Transmission has both a Homepage, a Wiki and a Forum, so there's no lack of help and support. But as for installing it as a headless server on Mageia, all we found were HOWTOs for Debian/Ubuntu systems.
We're assuming that you have Mageia5 installed and have configured your user to use the sudo command.
Begin by installing the transmission daemon and the command-line client.
$ sudo urpmi transmission-daemon transmission-cli
This installs transmission-daemon, transmission-cli and transmission-common (which is mostly the documentation). All the binaries will be found in /usr/bin. The transmission package also installs a Java-based web client at /usr/share/transmission/web/index.html.
CREATE A USER
For transmission-daemon, all settings are kept in $HOME/.config/transmission-daemon. We want to create a user named "transmission". Other distros make the "home" directory something like /usr/share/transmission or /var/lib/transmission; it can really be anything you want. For us, creating /home/transmission has a special benefit.
$ sudo adduser transmission
$ sudo passwd transmission
Having a password allows us to use scp to remotely send a .torrent file to /home/transmission/ on our remote server and the torrent will automatically start when we have properly configured the transmission-daemon to do so.
OBTAIN AN INIT.D SCRIPT
There is an Debian/ubuntu-specific init.d script available from the Transmission site, but it won't work for RedHat-derived distros like Mageia.
You can download an init.d script useful for RHEL and Fedora (and Mageia) written by Jason Friedlan. It's located at his website (his site has since disappeared, so the link is to the WaybckMachine). You'll need to copy and paste it into a text editor.
We'll need to make some changes for Mageia:
- DAEMON=$(which $NAME)
Save the script as transmission-daemon, change the ownership to root and make it executable, then move it it /etc/init.d.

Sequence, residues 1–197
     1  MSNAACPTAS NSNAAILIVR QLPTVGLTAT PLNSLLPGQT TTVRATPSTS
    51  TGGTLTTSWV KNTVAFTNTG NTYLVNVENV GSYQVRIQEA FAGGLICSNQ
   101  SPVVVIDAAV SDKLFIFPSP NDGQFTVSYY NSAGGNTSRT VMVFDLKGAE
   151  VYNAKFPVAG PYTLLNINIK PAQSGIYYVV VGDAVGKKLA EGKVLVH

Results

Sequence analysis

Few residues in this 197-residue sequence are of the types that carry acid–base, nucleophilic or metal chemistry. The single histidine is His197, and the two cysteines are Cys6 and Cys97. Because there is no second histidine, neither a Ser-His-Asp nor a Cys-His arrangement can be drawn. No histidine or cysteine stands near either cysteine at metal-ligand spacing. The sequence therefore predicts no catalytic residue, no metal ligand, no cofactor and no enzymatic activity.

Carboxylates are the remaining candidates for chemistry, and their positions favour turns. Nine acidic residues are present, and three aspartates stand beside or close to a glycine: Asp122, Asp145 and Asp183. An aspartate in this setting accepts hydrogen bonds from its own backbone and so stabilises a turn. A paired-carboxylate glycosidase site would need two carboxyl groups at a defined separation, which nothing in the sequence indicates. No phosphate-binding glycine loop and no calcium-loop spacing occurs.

$ sudo chown root:root transmission-daemon
$ sudo chmod +x transmission-daemon
$ sudo mv transmission-daemon /etc/init.d/
To verify that our script is valid for init.d invoke:
$ sudo chkconfig --add transmission-daemon
Now set the runlevels for transmission-daemon with:
$ sudo chkconfig --level 345 transmission-daemon on
and verify it with:
$ sudo chkconfig --list transmission-daemon
CREATE THE BASIC FILES
Now that our service is configured, let's start and stop the daemon to make certain it works.
$ sudo service transmission-daemon start
$ sudo service transmission-daemon stop
$ sudo ls -al /home/transmission
This will reveal that the .config directory has been created and we will find that /home/transmission/.config/transmission/settings.json has also been created.
NOTE: With the current version of Transmission, you can only create the settings.json file by running transmission-gtk and a regular user. There does not appear to be a workaround for cli-only systems, so a local copy of the file I use is found here. You'll need to use your own PASSWORD and USERNAME.
The editable text file settings.json contains the default configuration for our daemon. It can be edited with a text editor and an explanation of the various options can be found at the Transmission Wiki.